If we want places to relax and get in touch with nature, might we suggest... parks. Vancouver has long held fast to a recreation space requirement of 2.5 acres of new park space for every additional 1,000 citizens. As the population expands away from downtown it becomes nearly impossible to find recently vacated space (such as previously industrial waterfronts) to satisfy this need.

McCleery, Langara and Fraserview public golf courses. Why not use half for parks, the rest for a mix of market and non-market housing?

City-owned golf courses, off limits to most, sit in the middle of long-established neighbourhoods now being transformed to accommodate new population. So split the use of golf courses, with half going to parks, the other 250 acres to housing. That still leaves enough land to house over 60,000 Vancouverites in need of affordable and market rate family-oriented shelter. These could be built not as high rises, but at family-friendly stacked townhouse and garden apartment densities.

What would make the housing affordable is the simple fact that it’s the cost of land in Vancouver that forces developers to charge such high prices for homes, but in the case of converted golf courses, the land, already city-owned, would be free. That would allow the city to specify the model of development it once embraced — 10,000 low-income family housing units, 10,000 middle-income co-op units and other forms of non-market housing (as at South False Creek), and 10,000 market-rate family housing units.* And the market-rate housing could cross-subsidize construction costs for other forms of non-market housing.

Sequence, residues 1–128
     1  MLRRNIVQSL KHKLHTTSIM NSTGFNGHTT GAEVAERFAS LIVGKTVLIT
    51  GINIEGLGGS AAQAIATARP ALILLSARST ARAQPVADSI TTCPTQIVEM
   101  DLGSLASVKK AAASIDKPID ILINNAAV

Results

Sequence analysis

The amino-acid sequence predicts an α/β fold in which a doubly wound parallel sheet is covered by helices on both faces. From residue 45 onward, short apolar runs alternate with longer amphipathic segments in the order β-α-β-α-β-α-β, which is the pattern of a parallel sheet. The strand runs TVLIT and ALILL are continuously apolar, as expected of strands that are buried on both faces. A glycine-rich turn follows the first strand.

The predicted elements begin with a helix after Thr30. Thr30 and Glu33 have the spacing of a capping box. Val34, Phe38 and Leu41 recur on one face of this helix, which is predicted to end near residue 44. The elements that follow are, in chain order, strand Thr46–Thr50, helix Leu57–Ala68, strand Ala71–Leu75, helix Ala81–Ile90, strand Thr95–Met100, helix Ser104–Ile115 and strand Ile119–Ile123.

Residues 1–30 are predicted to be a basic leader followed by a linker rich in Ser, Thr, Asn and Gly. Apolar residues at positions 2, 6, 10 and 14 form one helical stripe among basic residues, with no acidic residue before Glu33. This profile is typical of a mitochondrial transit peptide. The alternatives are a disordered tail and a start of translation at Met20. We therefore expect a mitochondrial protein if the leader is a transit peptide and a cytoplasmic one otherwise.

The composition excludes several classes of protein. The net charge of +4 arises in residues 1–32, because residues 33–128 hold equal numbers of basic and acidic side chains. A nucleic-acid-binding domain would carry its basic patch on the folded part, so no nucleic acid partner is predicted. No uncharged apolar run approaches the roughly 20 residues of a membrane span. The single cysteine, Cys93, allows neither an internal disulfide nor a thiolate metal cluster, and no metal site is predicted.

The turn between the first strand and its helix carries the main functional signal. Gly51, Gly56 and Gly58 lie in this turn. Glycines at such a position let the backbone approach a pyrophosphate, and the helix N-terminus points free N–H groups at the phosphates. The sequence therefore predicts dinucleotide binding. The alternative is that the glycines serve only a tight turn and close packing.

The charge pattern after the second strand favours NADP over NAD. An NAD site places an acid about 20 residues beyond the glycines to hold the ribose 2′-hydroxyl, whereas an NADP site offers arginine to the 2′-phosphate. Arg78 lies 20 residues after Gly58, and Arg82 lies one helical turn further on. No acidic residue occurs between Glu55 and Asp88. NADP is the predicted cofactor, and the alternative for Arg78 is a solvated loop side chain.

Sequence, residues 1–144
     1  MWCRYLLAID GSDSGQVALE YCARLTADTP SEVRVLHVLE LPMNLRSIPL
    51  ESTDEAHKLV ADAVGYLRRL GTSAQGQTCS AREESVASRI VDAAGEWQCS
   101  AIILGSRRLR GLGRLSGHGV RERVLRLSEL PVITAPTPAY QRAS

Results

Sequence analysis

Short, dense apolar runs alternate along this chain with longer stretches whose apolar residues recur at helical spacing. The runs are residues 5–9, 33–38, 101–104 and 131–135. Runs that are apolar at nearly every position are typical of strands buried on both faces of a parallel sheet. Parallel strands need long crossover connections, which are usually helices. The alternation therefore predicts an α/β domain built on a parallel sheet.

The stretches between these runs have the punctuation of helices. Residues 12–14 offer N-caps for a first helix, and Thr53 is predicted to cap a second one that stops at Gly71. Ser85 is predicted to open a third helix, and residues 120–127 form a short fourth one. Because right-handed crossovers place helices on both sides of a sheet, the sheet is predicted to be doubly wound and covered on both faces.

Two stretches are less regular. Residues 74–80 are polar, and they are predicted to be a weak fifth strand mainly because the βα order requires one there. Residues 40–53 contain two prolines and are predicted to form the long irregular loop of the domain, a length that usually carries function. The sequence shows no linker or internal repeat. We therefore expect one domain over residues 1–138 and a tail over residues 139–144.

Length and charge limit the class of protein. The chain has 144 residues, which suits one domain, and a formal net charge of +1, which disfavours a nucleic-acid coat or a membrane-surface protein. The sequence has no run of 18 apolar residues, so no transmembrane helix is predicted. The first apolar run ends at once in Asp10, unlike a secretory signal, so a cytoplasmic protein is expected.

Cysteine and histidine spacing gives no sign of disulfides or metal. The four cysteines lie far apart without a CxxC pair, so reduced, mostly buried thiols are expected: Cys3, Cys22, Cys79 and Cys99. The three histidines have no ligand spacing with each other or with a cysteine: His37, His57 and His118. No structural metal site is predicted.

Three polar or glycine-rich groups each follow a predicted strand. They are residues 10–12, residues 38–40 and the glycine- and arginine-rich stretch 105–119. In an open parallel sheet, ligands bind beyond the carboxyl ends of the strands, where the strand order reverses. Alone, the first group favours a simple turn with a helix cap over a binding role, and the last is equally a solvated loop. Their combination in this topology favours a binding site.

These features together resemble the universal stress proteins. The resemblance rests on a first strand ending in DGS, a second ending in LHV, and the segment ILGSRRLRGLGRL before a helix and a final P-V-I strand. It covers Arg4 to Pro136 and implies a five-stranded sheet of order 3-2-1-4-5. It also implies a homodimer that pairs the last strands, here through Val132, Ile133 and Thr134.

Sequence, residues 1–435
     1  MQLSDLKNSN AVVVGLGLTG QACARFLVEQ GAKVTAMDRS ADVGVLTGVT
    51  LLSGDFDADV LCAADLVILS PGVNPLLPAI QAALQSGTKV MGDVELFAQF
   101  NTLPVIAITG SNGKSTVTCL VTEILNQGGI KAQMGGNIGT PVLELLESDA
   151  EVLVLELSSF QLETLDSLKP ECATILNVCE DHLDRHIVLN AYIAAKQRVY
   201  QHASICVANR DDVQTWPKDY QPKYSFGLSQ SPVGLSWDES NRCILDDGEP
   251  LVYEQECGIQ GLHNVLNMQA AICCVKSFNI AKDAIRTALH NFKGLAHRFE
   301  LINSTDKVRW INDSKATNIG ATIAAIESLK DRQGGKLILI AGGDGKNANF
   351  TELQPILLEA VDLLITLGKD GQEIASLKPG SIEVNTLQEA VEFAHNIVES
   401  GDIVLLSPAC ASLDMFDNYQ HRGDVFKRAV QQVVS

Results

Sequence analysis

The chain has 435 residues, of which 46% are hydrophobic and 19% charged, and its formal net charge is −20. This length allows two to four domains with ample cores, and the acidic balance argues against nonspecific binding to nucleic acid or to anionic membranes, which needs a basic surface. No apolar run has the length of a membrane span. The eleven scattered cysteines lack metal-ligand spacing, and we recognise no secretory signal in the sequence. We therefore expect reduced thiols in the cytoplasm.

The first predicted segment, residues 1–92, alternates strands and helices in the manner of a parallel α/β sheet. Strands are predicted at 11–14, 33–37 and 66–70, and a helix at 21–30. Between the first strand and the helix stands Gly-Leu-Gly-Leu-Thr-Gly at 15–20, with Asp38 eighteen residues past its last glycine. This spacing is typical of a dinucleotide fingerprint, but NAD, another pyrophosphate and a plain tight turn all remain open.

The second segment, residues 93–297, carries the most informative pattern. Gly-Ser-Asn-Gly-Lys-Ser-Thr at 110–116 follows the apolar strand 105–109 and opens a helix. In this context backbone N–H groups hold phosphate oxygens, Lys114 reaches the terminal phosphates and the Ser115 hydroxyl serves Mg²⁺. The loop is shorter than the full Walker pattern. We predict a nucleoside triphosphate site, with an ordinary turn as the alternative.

The three golf courses are ideal for situating larger, three and four-bedroom ground-oriented buildings which are so appropriate for families with children — a housing type we have utterly failed to provide in decades.

By the way, these lands are essentially flat, making the implementation of new roads and utilities relatively easy.

And they connect well to sustainable transport. The Langara Golf Course is adjacent to the Cambie Corridor, and McCleery Golf Course is within two minutes walking of future light rail in the Arbutus Corridor. Fraserview Golf Course is also near the existing Interurban rail corridor, paralleling the river that connects to the future Arbutus light rail line, and near the emerging neighbourhood centre of the River District (formerly East Fraser Lands).

One more crunching of numbers to make the case. Last year’s revenue for McCleery was a modest $3.4 million and keeps slipping, declining 13.1 per cent between 2014 to 2018, according to Business in Vancouver. Unless the other two courses are clearing hundreds of millions of dollars a year in greens fees and power cart rentals, there just is no contest.

Converting Vancouver’s three public golf courses to solve its housing crisis is a hole in one.

*Story corrected Oct. 31 at 7:30 a.m.  [Tyee]